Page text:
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Signal dimmed LED's without passing current back to the signal source

by ThePoloHobo
Tags: current, dimmed, passing, signal, source
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ThePoloHobo
#1
Jul18-14, 03:55 PM
P: 5
Hello!

I am a bassist in a rock band and I hace slight issue with trying to rig up this

http://www.newegg.com/Product/Product.aspx?Item=N82E16811992011&cm_re=nzxt_led_controller-_-11-992-011-_-Product

http://www.newegg.com/Product/Produc...82E16811992011

LED Controller to do its color changing awesomeness while pulsating with what is coming out of an output on my amp (which is a "hot" and ground wire). Is there a way I can send this signal through to the LED's without running current through back to my amp? My LED strip ends look something like this:
B G R +
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NascentOxygen
#2
Jul18-14, 06:31 PM
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Hi TPH. Welcome to Physics Forums.

What do you mean by "to the LED's without running current through back to my amp"? And can you explain why you'd prefer not to have to do this?
ThePoloHobo
#3
Jul18-14, 06:51 PM
P: 5
The signal I'll be using to make LED's pulse is coming from a pre-amp out on the back of the amp. I don't want any power from the LED controller to go back in to the preamp. circuitry

NascentOxygen
#4
Jul18-14, 06:59 PM
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Signal dimmed LED's without passing current back to the signal source

Quote Quote by ThePoloHobo View Post
The signal I'll be using to make LED's pulse is coming from a pre-amp out on the back of the amp. I don't want any power from the LED controller to go back in to the preamp. circuitry
The way electronics works is that what comes out of one box must return to that box. It won't come out if it can't get back. Usually the return path is through a wire called "ground" that connects all boxes, so it's a common ground. So I'd expect you'll need 4 connecting wires, R, Y, B, and ground.

If everything is working properly, no more current will return to the preamp than left it. That should not be a problem, especially when that is how it has been designed.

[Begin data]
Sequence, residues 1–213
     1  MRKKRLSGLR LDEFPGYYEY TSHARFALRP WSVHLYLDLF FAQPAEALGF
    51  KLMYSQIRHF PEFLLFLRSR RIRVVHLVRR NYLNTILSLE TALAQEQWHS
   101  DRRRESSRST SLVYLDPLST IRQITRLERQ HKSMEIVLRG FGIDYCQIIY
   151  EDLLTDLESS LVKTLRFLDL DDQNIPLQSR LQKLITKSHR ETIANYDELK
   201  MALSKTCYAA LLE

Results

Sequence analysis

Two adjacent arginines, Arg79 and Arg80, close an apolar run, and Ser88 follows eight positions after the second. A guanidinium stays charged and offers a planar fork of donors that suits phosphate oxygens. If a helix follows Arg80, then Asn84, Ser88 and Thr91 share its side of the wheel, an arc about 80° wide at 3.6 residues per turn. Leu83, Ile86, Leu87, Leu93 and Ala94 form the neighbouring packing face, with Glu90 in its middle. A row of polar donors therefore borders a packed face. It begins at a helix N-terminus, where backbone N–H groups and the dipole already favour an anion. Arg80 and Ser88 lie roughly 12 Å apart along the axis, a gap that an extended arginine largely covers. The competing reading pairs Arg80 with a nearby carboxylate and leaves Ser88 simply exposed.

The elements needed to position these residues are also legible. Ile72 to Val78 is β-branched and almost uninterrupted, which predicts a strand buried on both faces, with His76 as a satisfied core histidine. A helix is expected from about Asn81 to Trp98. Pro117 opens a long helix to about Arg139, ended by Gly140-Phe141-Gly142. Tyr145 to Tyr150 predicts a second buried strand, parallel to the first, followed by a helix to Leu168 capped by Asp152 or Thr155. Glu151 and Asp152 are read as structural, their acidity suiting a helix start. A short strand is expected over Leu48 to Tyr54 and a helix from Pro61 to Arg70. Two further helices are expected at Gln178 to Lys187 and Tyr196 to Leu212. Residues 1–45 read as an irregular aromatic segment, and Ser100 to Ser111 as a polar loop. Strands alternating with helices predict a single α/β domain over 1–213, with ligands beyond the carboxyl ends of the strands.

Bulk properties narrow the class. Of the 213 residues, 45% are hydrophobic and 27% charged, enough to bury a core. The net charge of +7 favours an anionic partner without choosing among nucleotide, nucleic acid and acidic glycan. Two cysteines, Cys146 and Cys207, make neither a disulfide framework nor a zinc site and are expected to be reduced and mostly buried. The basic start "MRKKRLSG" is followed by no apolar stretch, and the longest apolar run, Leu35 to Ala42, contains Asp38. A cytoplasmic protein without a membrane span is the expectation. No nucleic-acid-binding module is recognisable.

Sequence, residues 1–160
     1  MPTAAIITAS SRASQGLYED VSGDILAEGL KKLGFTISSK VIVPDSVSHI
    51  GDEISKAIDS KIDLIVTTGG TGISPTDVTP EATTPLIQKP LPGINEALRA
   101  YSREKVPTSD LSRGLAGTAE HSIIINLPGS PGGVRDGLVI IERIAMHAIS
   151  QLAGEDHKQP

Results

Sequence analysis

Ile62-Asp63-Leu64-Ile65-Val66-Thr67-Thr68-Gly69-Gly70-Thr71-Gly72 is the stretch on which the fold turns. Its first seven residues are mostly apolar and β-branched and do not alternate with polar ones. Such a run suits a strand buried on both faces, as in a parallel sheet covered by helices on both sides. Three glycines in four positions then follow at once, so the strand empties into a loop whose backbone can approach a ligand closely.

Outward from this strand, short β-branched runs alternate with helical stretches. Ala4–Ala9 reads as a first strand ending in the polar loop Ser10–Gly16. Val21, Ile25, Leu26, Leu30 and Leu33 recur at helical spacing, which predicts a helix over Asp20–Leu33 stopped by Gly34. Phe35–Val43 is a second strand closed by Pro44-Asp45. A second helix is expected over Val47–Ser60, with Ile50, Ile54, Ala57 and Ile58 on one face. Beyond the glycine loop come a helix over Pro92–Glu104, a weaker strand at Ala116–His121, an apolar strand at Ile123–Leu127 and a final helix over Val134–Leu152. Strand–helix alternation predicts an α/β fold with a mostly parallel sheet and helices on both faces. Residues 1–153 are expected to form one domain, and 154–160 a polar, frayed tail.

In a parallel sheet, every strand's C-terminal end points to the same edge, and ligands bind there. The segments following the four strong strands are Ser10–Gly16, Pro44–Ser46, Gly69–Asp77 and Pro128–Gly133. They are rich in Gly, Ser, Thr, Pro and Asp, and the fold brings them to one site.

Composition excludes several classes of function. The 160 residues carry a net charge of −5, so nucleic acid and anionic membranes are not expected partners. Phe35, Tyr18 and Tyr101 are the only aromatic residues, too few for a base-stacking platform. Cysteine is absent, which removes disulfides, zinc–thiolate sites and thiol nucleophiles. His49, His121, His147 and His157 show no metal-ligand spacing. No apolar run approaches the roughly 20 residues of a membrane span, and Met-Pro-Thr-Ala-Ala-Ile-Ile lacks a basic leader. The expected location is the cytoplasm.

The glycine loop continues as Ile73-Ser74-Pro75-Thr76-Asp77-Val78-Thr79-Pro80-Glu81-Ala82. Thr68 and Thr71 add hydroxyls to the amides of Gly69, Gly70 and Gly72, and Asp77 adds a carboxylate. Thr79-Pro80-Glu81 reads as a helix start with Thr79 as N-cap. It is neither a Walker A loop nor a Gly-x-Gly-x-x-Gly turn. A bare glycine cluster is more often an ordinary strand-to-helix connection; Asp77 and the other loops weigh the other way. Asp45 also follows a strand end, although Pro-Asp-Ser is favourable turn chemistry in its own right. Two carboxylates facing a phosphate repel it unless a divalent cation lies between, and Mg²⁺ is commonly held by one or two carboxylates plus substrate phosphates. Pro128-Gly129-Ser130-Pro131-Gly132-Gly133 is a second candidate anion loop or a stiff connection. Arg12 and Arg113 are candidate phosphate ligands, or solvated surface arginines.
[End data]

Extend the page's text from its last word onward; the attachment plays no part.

pantaz
#5
Jul18-14, 07:29 PM
P: 589
I looked over the instruction manual, and I don't see any way to externally modulate the LEDs.
MrAnchovy
#6
Jul18-14, 08:14 PM
P: 545
This device is designed to fit in a computer chassis and receive power from the computer's power supply at 5V DC. It then generates patterns to make the LEDs pulse which you can alter with the knobs on the device, there is no way to provide a signal to alter the pulsing, and you cannot power the device from an amplifier's output.

For what you want you need to search for "sound to light led controller" or similar.
ThePoloHobo
#7
Jul19-14, 12:25 AM
P: 5
I have a computer PSU hooked up to the controller to give it power using the bridge pin trick. The cable coming out of the controller looks like what I described in the original post.
NascentOxygen
#8
Jul19-14, 01:14 AM
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Quote Quote by ThePoloHobo View Post
I have a computer PSU hooked up to the controller to give it power using the bridge pin trick. The cable coming out of the controller looks like what I described in the original post.
I haven't looked at the manual (I'm restricted to a basic tablet here), but from what others report, I think that cable is probably output from the controller that can be used to operate more LEDs, and is not for input. It sounds like the controller makes up its own LED pattern, and is not designed to accept audio input. So it can't do what you would wish it could, alas.
ThePoloHobo
#9
Jul19-14, 01:24 AM
P: 5
What if I place the signal and ground in between the controller and the ground on the LED strip?
Baluncore
#10
Jul19-14, 03:37 AM
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P: 1,959
Quote Quote by ThePoloHobo
What if I place the signal and ground in between the controller and the ground on the LED strip?
Please DO NOT do that, it will almost certainly not work. It will probably destroy something.

There are ways to use audio signals to modulate LEDs, but they are not that simple.

You should Google;
LED Musicolour
LED Musicolor
ThePoloHobo
#11
Jul19-14, 03:39 PM
P: 5
OK thanks guys, I accidentally shorted out fried my blue and green channels shorting it out with a multimeter anyway. I'll look into that or maybe a raspberry PI.


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